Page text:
It was possible to go on the proto-internet as early as the 1970s, but the more user-centric and widely accessible version we think of today didn’t really materialize until the early 1990s using dial-up modems.
Dial-up gave users access to the web through a modem that was connected to an active telephone line. There were several different portals in the 1990s for internet use, such as Prodigy and CompuServe, but AOL quickly became the most popular.
AOL held its top spot as the most visited website for nearly a decade. By June 2000, the online portal was getting over 400 million monthly visits. For context, there were about 413 million internet users around the world at that time.
|Rank||Website||Monthly Visits (May 2000)|
But when broadband internet hit the market and made dial-up obsolete, AOL lost its footing, and a new website took the top spot—Yahoo.
The Mid 2000s: Yahoo vs. Google
Founded in 1994, Yahoo started off as a web directory that was originally called “Jerry and David’s Guide to the World Wide Web.”
When the company started to pick up steam, its name changed to Yahoo, which became a backronym that stands for “Yet Another Hierarchical Officious Oracle.”
Yahoo grew fast and by the early 2000s, it became the most popular website on the internet. It held its top spot for several years—by April 2004, Yahoo was receiving 5.6 billion monthly visits.
|Rank||Website||Monthly Visits (April 2004)|
But Google was close on its heels. Founded in 1998, Google started out as a simpler and more efficient search engine, and the website quickly gained traction.
Funny enough, Google was actually Yahoo’s default search engine in the early 2000s until Yahoo dropped Google so it could use its own search engine technology in 2004.
For the next few years, Google and Yahoo competed fiercely, and both names took turns at the top of the most popular websites list. Then, in the 2010s, Yahoo’s trajectory started to head south after a series of missed opportunities and unsuccessful moves.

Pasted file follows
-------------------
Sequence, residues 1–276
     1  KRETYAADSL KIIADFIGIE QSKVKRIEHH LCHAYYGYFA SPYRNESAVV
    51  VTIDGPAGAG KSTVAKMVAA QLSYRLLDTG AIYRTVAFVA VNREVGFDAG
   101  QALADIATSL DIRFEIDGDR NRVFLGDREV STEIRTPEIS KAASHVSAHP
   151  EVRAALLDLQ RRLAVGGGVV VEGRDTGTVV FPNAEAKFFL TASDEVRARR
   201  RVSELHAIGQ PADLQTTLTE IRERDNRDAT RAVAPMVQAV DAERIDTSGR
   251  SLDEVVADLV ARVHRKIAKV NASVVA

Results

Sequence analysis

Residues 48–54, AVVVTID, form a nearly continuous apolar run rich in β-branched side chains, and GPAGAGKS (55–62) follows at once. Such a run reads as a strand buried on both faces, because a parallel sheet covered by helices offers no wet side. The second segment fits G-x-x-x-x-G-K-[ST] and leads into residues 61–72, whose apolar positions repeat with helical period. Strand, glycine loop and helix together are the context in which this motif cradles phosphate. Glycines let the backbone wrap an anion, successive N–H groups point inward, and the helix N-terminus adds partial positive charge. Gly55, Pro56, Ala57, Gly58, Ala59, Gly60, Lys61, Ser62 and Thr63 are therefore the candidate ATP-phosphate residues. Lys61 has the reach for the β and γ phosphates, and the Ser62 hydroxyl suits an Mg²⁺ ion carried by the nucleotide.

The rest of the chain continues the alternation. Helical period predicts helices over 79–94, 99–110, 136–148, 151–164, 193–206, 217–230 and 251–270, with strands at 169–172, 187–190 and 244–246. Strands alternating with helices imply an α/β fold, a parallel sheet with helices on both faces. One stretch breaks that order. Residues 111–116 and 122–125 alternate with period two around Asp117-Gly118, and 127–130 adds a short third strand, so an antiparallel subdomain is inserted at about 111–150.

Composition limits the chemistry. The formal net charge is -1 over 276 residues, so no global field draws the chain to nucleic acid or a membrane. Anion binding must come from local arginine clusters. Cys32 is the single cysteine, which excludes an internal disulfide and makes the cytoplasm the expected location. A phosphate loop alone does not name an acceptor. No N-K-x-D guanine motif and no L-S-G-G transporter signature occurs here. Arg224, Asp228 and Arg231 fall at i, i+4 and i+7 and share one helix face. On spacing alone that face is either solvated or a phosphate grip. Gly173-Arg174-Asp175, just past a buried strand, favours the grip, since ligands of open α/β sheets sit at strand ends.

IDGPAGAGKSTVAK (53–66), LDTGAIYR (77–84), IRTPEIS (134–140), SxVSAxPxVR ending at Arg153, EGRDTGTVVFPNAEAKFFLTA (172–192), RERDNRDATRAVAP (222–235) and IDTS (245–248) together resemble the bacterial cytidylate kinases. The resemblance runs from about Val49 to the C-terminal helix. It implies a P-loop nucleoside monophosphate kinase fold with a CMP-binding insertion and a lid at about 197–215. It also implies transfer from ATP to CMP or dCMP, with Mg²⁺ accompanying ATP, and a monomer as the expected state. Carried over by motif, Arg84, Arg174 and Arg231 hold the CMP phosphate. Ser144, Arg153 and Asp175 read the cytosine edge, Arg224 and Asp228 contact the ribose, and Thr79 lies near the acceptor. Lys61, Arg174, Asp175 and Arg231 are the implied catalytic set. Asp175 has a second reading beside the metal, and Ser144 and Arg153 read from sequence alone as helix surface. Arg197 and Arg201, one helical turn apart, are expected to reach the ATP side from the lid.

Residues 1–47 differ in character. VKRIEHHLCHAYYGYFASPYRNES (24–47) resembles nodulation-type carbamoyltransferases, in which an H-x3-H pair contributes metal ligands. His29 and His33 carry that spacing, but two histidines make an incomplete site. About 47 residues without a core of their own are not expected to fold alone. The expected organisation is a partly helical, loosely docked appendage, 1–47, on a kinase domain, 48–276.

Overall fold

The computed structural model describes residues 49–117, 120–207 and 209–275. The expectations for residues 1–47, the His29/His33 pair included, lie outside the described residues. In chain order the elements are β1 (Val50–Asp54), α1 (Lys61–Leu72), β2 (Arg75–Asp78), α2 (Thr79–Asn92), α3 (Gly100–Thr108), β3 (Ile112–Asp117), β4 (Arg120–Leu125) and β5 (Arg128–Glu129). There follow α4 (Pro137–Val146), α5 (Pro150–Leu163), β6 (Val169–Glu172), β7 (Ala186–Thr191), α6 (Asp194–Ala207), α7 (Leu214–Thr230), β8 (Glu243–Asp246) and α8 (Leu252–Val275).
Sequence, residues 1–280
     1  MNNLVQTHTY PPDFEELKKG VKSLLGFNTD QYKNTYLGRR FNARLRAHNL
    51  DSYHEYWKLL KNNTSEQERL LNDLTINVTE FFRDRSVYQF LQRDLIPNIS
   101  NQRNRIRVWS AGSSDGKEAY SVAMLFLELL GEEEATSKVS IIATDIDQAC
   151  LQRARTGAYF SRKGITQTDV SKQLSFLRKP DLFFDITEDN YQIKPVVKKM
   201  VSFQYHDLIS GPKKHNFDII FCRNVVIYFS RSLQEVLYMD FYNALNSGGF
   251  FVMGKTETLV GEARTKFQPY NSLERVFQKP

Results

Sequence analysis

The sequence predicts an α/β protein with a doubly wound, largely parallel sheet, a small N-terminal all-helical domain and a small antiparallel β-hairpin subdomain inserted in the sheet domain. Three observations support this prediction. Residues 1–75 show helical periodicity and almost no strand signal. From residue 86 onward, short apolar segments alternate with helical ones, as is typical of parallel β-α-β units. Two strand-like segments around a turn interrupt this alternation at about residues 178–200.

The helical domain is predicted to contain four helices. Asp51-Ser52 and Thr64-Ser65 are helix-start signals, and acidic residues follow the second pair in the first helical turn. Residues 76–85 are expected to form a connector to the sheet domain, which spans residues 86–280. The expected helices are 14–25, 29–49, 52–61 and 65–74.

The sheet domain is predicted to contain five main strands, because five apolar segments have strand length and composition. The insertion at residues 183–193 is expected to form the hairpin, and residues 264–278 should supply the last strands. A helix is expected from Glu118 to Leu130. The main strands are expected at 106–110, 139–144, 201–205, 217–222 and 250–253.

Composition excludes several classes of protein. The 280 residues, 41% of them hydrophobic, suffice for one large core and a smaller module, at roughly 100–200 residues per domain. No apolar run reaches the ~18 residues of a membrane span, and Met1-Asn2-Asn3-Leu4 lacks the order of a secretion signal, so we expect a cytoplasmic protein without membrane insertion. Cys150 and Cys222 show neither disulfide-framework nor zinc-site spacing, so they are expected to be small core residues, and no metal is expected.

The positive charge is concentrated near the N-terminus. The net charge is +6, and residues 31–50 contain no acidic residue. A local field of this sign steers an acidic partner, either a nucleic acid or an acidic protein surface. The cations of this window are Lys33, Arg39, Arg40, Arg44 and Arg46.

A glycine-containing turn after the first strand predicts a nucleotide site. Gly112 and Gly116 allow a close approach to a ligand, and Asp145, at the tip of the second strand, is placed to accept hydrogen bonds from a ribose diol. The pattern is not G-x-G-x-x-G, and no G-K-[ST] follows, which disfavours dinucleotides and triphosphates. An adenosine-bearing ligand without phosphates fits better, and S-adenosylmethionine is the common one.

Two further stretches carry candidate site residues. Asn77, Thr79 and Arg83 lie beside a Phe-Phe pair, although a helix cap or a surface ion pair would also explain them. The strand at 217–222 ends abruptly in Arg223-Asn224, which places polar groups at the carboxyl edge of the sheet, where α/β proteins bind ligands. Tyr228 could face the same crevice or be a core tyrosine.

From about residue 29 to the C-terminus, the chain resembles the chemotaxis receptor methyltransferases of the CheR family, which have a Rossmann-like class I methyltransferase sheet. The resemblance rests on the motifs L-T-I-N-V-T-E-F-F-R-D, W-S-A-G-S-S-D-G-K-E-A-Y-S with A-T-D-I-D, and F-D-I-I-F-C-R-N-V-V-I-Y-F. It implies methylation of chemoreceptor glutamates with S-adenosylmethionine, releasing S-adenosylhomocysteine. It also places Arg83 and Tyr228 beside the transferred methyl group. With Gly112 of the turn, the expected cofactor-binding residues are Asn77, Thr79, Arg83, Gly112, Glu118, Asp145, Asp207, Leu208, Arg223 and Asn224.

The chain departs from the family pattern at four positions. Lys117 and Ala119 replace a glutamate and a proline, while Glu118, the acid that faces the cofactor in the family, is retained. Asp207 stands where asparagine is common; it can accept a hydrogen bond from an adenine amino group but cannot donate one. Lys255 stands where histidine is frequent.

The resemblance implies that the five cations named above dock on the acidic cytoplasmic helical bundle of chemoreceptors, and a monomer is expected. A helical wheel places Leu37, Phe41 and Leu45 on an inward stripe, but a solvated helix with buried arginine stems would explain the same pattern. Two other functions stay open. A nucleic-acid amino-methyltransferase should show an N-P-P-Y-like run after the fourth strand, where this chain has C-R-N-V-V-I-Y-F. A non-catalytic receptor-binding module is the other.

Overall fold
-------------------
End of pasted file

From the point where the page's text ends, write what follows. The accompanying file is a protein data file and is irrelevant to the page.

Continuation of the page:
This cemented Google’s place at the top, and the website is still the most popular website as of January 2022.
The Late 2000s, Early 2010s: Social Media Enters the Chat
While Google has held its spot at the top for nearly two decades, it’s worth highlighting the emergence of social media platforms like YouTube and Facebook.
YouTube and Facebook certainly weren’t the first social media platforms to gain traction. MySpace had a successful run back in 2007—at one point, it was the third most popular website on the World Wide Web.
|Rank||Website||Monthly Visits (Jan 2007)|
But YouTube and Facebook marked a new era for social media platforms, partly because of their impeccable timing. Both platforms entered the scene around the same time that smartphone innovations were turning the mobile phone industry on its head. The iPhone’s design, and the introduction of the App store in 2008, made it easier than ever to access the internet via your mobile device.
As of January 2022, YouTube and Facebook are still the second and third most visited websites on the internet.
The 2020s: Google is Now Synonymous With the Internet
Google is the leading search engine by far, making up about 90% of all web, mobile, and in-app searches.
What will the most popular websites be in a few years? Will Google continue to hold the top spot? There are no signs of the internet giant slowing down anytime soon, but if history has taught us anything, it’s that things change. And no one should get too comfortable at the top.